MISSION, Texas (Border Report) — A day after dozens of migrants died trapped in a trailer in San Antonio, U.S. Border Patrol agents took reporters to the South Texas border for a “safety day” where they conducted rescue simulations.
“Unfortunately, yesterday we saw a cruel example of the realities these desperate human beings face when they place their lives literally in the hands of criminals who care less about what happens to them as their commodity,” RGV Deputy Chief Patrol Agent Joel Martinez said Tuesday. “Fifty people lost their lives and a dozen others are fighting for their lives after being placed in a tractor-trailer in San Antonio without any means of escape.”
“My concern is also the children because you put somebody in the back of an 18-wheeler, or a car for that matter, it’s just terrible and the heat is multiplied by an umpteenth amount because it’s all sealed,” Martinez said.
Rescuing migrants from a trailer wasn’t part of Tuesday’s exercises, which included a riverine rescue on the Rio Grande, and finding two migrants lost in the thick South Texas brush, including a teenager separated from her mother.
The message Martinez said needs to filter south is for migrants not to try to come north.
“To bring awareness to the dangers that migrants face every day when they decide to take the perilous journey into the United States via the networks of criminal smuggling organizations,” Martinez said. “A smuggler’s No. 1 priority is to maximize profits by whatever means necessary, even if that means endangering vulnerable individuals.”
Several different types of Border Patrol units participated in rescue exercises on June 28, 2022, south of Mission, Texas. (Sandra Sanchez/Border Report photos)
The thick brush, quick-sand-like ground, dangerous wildlife, high humidity and triple-digit temperatures in the Rio Grande Valley of South Texas often leave migrants stranded and unaware of their location or how to get help after they cross from Mexico.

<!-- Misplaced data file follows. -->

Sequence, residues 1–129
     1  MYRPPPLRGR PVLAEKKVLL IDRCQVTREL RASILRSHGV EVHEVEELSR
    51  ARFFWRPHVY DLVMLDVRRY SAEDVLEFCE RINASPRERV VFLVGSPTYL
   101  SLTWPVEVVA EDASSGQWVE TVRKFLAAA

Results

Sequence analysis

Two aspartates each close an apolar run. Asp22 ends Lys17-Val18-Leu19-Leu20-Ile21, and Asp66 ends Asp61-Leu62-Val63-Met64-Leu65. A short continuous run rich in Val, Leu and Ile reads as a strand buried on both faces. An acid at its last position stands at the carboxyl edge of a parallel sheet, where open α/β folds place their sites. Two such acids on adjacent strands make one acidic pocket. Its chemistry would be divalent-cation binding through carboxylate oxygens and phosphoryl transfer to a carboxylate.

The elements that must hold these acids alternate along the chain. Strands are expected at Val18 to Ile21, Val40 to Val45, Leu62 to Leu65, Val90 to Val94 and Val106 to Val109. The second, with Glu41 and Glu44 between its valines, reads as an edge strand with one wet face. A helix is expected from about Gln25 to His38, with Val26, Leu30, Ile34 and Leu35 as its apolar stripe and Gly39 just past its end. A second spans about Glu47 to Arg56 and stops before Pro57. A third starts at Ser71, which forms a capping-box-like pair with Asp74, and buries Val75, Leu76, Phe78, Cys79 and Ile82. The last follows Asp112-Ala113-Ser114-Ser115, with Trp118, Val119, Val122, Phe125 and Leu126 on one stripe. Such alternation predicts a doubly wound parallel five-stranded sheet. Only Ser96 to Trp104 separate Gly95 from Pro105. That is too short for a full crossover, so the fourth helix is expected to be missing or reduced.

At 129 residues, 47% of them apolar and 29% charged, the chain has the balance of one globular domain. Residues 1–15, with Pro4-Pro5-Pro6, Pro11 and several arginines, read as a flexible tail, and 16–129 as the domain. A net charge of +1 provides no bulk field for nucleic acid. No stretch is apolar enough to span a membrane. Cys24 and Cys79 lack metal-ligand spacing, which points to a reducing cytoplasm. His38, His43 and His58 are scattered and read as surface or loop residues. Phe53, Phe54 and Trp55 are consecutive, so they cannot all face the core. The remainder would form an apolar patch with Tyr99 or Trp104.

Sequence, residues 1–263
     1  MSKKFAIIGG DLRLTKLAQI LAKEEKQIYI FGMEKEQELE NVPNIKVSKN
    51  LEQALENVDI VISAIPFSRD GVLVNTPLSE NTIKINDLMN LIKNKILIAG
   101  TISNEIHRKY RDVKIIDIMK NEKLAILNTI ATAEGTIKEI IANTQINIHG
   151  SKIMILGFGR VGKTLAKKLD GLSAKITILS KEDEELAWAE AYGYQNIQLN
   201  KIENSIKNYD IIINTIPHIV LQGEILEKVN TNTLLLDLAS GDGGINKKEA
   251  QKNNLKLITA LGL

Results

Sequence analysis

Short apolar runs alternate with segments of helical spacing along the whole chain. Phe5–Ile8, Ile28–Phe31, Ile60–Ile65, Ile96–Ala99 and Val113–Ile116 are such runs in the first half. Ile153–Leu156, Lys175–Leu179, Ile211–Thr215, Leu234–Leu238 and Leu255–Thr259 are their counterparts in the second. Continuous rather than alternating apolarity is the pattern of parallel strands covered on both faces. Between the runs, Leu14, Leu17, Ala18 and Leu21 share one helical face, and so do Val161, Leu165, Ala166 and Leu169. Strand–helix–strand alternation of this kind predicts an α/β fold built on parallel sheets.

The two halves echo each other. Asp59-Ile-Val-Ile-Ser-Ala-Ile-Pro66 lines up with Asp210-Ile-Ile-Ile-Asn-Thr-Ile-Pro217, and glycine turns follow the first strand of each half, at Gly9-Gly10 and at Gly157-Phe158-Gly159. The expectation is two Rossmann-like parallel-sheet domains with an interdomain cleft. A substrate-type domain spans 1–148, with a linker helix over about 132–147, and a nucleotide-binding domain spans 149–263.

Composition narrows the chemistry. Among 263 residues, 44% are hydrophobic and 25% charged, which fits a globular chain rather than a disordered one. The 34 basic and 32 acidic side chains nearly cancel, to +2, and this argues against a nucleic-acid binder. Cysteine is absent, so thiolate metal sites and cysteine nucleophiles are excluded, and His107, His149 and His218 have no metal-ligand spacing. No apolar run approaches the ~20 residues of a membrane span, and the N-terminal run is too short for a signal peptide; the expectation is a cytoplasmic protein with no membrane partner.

Since October, agents in the Rio Grande Valley Sector have made 913 rescues — that’s more than the 677 rescues they made in all of Fiscal Year 2021.
They have also helped to identify the remains of 57 migrants out of 87, agents said.
In one simulation, a woman triggered a rescue beacon — one of hundreds of beacons that U.S. Border Patrol have put up throughout the Rio Grande Valley border. There are also countless signs telling migrants where to go for help and to find a beacon, agents said.
In the exercise, she was diabetic and needed fluids in the field as the unrelenting sun beat down on the dirt road on which she sat. She told agents she had lost her 16-year-old daughter who had crossed with her.
Agents from the elite Border Patrol Search, Trauma, and Rescue, or BORSTAR unit, as well as a K-9 unit, drone and ATV unit, were dispatched to find the girl.
It took the teams about 15 minutes — which felt a lot longer in the intense heat and brush — to locate the girl lying in a dense field.
They moved her under a tree and put an IV line in. Then BORSTAR agents carried her on a stretcher for about a mile to an awaiting helicopter that extracted her.
Border Patrol Agent Milton Moreno said the rescue beacons are a lifesaver.
“A rescue beacon is activated and sends a signal to our dispatch, our communication center the operator relays that information and dispatches the agent. That equipment has a microphone and also a camera so we can see what’s going on,” Moreno said.
In another simulation, Border Patrol riverine agents rescued a drowning migrant who fell out of a raft while trying to cross the Rio Grande from Reynosa, Mexico.
“Dame tu mano. Dame tu mano. Calmate!” (Give me your hand. Give me your hand. Calm down!” agents in the boat yelled in Spanish to the man as they lifted him from the murky and dangerous water.
Border Patrol Riverine Unit Supervisory Agent Joe Barrios said agents aren’t always on the river at the right spot when someone falls in, and usually they are outnumbered with large groups, including children, for whom they scramble to rescue.
“In a real-life scenario we don’t know how far our riverine units are compared to where the incidents are occurring and when they do arrive you’re not dealing with just one subject at times, you’re dealing with a whole raft that’s overfilled. And a raft that isn’t in pristine conditions. And it has patches or it just can’t handle the amount of people on that raft. It’s a dangerous situation that involves adults and children and at times infants,” Barrios said.
“In that environment, imagine you have people going over, you have children going under,” he said.
Sandra Sanchez can be reached at Ssanchez@borderreport.com